San Marzano tomatoes thrive in warmer climates, which is why the Sarnese Nocerino area of Italy is the ideal location to grow them. The Agro Nocerino Sarnese is a geographical region in Campania between the provinces of Salerno and Naples. This area is low-lying, bound to the south by the Lattari Mountains, the east and northeast by the Picentini Mountains, and the west by Mount Vesuvius. The soil in this designated area is mostly covered by pyroclastic materials of volcanic origin, which provides sufficient quantities of organic matter that in turn yield high fertility of the tomatoes. The high water table of this area comes from the presence of numerous springs of different depths, and water for irrigation is derived from wells that feed directly from the groundwater. Although the area isn’t prone to heavy amounts of rainfall during the summer months (harvest), the relative humidity in the area from the close proximity to the sea keeps the plants from drying out. Cento’s facility in the Sarnese Nocerino area of Italy is approximately 22 miles southeast of Naples, sitting in the shadow of Mount Vesuvius. The proximity of the facility to the fields allows the hand-picked crop to be delivered within hours of selection, then immediately processed and canned.
THE SIZE, SHAPE, AND COLOR
San Marzano tomatoes are similar in appearance to Roma tomatoes, but thinner and more elongated. The walls of San Marzano tomatoes are thicker, but contain fewer seeds, which makes this tomato varietal less acidic and sweeter than others. Guidelines set state true San Marzano tomatoes must have the traditional oblong shape, measure 6-8cm in length, and have a uniform, bright red color. Because Cento Certified San Marzano tomatoes are hand-picked only when ripe, no over-ripe, blemished, or rotted tomatoes are even brought into our facility; only the best of our tomatoes are picked in the field.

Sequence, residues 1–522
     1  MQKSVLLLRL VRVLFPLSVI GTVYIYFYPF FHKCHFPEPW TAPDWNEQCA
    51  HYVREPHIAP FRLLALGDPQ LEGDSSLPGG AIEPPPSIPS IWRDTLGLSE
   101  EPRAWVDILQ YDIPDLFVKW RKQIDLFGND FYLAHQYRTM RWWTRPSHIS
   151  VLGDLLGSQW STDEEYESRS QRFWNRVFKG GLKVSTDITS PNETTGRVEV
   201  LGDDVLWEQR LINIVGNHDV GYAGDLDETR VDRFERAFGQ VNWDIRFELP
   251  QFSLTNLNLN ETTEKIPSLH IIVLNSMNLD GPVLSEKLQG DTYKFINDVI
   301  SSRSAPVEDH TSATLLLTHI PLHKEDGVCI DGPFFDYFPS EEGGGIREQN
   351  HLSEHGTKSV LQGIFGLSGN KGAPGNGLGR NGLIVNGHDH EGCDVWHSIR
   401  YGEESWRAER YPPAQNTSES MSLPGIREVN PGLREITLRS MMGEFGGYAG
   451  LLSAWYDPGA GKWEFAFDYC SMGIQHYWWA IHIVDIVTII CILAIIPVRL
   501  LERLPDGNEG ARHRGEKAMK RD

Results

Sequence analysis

San Marzano tomato plants are hand-tied to wooden poles with natural materials to ensure our plants aren’t touched by anything that could harm them. To aid in the growing process, our plants are tied three times, which allows them to grow to the fullest capacity at 6-7 feet. Standards state harvesting of the tomatoes in July must be done exclusively by hand as the tomatoes reach full ripeness. Harvest takes place on several occasions and the tomatoes must be transported quickly to the processing plants in plastic containers.
PEELING AND PACKING
The first stage of processing involves washing the tomatoes. The tomatoes are then steam-peeled, an all-natural process that has been used in Italy for centuries. Steam peeling is environmentally friendly and uses only hot water, no chemical by-products. Cento has used this method for generations and will continue to exemplify the highest industry quality and sustainability standards. The tomatoes are then sorted. At Cento, our tomatoes are hand-sorted to ensure only the best tomatoes are provided in our cans. The tomatoes are then packed into BPA-free lined cans with the addition of the allowed packing medium: a light tomato puree, made of only San Marzano tomatoes. Fresh basil leaves and a minimal amount of salt are allowed under the guidelines. Once the tomatoes are canned, the cans are sterilized and cooled.
Article written by our friends in Centro. (https://www.cento.com/articles/2018/san-marzano-tomatoes.php)